I dont think our music is influenced by indonesian or thai music, let alone "heavily influenced". If we are influenced by the Indons, why do Indon rock bands make it big in this country if we already have bands who are influenced by them and sing like them. I think by puting this statement, it will give a wrong image of malaysian music to the foreigners. The Indons and Thai might even be baffled when they read it. [Haniff]
I have reverted your removal of the first paragraph because most importantly, it replaced it with nothing and the article became worse as a result. If you would like to rewrite the lead, please do (it sucks now). I have removed the word "heavily" as perhaps an overstatement, and added a citation for the claim. Your argument about Indonesian rock bands popular in Malaysia doesn't make a lot of sense, and has nothing to do with what the article claimed. Even if the argument was relevant, it isn't true -- There are American rock bands who sound like British rock bands and are popular in Britain, for example. Tuf-Kat 05:30, Apr 24, 2005 (UTC)
Just one comment: Malay gamelan music is generally very different from Javanese or Balinese gamelan music, though related structurally, as the basic unit in all traditional gamelan music is the gongan (gong cycle). Michael 05:45, May 16 2006 (UTC)

I redirected the article on Malaysian punk rock to here. I'm not sure why the issue of divided this article up has come up twice (once documented above, and one just now) when other countries of comparable size have had no issues, but I'm still putting all info on Malaysian music in one article until it gets too big. Tuf-Kat 05:34, Aug 23, 2004 (UTC)

Politics of Malaysia[edit]

Strange to find no mention of the repressive political regime here. It influences music. Heavy metal is illegal. see Ogg 10:16, 21 Nov 2004 (UTC)

Underground music[edit]

There is an overlapping of information: the underground music has two sections with similar info! Please clean it up. Also, I don't agree that "urban" is the right word for underground music as the word is associated with R&B and hip-hop.

  • The writing here is very POV. I tried to fix it up a bit, but it still needs a lot of work. Interlingua talk email 04:03, 30 December 2006 (UTC)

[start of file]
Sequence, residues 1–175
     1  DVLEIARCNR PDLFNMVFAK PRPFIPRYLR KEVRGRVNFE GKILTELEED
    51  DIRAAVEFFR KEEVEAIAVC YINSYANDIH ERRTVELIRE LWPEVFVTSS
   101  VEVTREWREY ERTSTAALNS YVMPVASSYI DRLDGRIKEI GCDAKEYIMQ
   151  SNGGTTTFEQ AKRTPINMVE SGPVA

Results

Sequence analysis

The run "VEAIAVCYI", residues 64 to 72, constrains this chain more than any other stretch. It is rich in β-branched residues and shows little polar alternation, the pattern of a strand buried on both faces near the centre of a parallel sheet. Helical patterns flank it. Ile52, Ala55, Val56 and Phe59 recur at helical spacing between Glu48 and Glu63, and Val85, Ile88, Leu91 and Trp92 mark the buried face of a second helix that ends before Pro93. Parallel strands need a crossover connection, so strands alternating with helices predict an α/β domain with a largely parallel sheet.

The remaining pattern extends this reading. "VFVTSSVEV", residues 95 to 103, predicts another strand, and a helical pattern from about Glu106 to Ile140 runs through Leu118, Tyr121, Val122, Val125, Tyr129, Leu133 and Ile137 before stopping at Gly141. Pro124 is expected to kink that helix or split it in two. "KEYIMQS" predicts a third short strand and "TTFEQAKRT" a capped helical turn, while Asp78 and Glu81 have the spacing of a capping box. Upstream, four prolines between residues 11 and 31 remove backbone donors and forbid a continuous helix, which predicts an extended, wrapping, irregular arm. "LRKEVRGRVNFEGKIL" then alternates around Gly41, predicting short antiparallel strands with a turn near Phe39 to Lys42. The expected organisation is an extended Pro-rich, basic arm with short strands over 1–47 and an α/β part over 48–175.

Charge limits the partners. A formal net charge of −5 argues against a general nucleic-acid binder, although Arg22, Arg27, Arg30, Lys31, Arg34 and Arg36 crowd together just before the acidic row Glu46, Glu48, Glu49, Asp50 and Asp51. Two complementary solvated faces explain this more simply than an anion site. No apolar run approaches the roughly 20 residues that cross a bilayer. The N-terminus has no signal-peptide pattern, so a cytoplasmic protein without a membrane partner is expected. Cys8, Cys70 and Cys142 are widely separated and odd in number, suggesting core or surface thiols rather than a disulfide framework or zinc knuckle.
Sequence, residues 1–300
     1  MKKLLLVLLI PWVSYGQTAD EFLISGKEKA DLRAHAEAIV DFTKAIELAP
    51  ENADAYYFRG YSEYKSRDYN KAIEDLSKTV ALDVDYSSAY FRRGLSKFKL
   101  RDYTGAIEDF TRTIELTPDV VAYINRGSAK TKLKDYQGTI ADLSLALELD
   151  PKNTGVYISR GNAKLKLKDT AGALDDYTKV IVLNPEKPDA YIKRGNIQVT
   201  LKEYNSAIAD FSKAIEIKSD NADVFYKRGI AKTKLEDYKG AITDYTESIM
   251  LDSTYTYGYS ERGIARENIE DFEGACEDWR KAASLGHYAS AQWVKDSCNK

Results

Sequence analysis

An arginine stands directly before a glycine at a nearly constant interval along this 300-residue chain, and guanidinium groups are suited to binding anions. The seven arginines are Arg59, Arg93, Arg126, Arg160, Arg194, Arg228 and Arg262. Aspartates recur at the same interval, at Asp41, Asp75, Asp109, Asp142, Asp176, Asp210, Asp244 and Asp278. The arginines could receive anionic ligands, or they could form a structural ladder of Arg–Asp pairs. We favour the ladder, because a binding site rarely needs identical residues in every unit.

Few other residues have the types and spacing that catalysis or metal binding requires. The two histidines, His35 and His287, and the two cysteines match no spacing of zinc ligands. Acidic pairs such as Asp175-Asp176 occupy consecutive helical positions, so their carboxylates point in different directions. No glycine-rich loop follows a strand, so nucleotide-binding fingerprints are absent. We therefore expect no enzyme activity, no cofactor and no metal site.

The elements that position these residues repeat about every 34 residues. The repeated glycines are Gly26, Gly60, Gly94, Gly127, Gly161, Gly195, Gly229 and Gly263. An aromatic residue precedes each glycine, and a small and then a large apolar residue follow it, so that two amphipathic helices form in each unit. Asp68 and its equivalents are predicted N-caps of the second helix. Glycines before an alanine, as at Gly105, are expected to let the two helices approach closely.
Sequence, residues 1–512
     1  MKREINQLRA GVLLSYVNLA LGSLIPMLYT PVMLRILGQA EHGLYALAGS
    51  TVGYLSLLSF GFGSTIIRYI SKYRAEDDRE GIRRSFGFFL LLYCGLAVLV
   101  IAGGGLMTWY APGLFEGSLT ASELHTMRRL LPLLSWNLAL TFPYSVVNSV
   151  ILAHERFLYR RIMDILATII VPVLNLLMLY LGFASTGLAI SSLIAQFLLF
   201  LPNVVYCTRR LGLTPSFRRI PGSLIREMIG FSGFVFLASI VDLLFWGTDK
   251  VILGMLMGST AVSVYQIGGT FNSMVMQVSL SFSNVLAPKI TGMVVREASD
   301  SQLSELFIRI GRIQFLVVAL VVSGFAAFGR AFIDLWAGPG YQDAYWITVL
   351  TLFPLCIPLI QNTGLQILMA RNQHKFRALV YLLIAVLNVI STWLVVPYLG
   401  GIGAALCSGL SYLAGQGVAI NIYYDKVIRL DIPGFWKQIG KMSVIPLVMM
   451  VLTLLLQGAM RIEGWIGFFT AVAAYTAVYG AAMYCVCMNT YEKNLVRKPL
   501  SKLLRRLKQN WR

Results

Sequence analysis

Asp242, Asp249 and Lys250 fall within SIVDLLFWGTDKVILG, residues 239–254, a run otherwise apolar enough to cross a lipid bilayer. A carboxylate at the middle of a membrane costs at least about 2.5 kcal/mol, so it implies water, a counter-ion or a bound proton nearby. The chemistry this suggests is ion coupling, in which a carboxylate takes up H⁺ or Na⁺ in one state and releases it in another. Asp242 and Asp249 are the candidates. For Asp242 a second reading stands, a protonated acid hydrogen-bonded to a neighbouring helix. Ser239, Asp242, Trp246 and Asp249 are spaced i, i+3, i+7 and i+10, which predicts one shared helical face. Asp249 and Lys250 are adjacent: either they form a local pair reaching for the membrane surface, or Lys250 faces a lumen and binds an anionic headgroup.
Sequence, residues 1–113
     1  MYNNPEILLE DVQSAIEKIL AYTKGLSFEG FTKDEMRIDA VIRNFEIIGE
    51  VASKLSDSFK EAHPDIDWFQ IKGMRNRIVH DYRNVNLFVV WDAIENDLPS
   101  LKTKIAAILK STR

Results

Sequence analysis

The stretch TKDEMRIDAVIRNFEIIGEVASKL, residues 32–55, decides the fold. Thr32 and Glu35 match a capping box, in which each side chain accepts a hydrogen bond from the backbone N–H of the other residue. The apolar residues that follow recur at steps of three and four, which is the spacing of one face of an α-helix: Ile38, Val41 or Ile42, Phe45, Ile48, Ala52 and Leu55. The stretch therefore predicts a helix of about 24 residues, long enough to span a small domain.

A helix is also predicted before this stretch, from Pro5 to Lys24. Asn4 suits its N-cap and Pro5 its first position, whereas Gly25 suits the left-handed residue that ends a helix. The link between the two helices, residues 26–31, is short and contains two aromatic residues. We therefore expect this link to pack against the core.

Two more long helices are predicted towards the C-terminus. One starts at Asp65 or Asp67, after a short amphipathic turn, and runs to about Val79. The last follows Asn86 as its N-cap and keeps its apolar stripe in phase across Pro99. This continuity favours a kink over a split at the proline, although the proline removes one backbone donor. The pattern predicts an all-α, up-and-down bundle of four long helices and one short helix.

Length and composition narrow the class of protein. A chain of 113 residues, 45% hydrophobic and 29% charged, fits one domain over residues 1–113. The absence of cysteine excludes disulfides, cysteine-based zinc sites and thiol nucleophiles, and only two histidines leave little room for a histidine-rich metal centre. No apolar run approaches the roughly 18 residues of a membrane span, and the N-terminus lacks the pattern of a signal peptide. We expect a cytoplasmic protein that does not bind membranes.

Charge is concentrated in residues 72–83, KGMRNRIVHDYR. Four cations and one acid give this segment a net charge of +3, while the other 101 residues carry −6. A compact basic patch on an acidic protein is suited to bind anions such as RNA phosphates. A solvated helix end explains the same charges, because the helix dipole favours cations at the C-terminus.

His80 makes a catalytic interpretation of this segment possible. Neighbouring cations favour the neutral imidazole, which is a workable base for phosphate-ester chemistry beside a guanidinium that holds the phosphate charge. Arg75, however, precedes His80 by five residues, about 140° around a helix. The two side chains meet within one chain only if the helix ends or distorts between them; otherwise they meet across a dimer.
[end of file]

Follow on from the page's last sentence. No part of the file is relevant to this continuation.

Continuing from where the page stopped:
Wayang Pasir?[edit]

"Wayang Pasir (Persia)" - Shouldn't that be Wayang Parsi? It's not about sand, right. :-)

Michael 05:43, 16 May 2006 (UTC)

"...Sheila Majid a singer with a lovely mellow voice.." sounds like a POV to me--Cyhborg 10:31, 8 November 2006 (UTC)

Pop Yeh Yeh[edit]

Yé-yé is originally a French term, referring to 60s popular rock from France. I know Spain adopted the term from France, but I don't know about other countries. Can anyone verify if Yeh Yeh was borrowed from France, or coined separately in Malaysia as well? The wiki entry on French Yé-Yé used to incorrectly state that yé-yé came from the Beatles lyrics to 'She Loves You', as this entry also states. I can't say it's incorrect here, but it raises doubts. - Spikedcandy 14:31, 4 July 2007 (UTC)

"The martial art of silat which is original from Indonesia is also popular in Malaysia"

This is totally wrong. Silat have been practiced in Malaysia(Malay peninsular) since 2000 years ago(Langkasuka and Old Kedah)...its not original from Indonesia —Preceding unsigned comment added by (talk) 17:54, 6 September 2008 (UTC)

Dont worry, ive adjusted the sentence and included references. Let us all mankind pray that these Indons wouldnt claim planet earth as theirs in the future.:) Orhanghazi (talk) 18:19, 25 January 2011 (UTC)

Electronic Dance/Techno Music[edit]

This article has no information on the growing Malaysian EDM scene. With all the nightclubs playing House & Trance, and a huge number of underground raves and mainstream Trance events happening in Malaysia with growing exposure of Malaysian DJs thanks to KLue, JUICE & Junk Magazine, there is no single information about the Malaysian EDM/Dance Music culture? Come on! —Preceding unsigned comment added by TwoThirdsMajority (talkcontribs) 02:21, 18 June 2009 (UTC)

What is there to say? These people are DJs, not musicians. Besides, there's hardly anything Malaysian about it. It'll probably be gone as soon as these peoples' drugs wear off anyway. —Preceding unsigned comment added by (talk) 21:12, 17 February 2010 (UTC)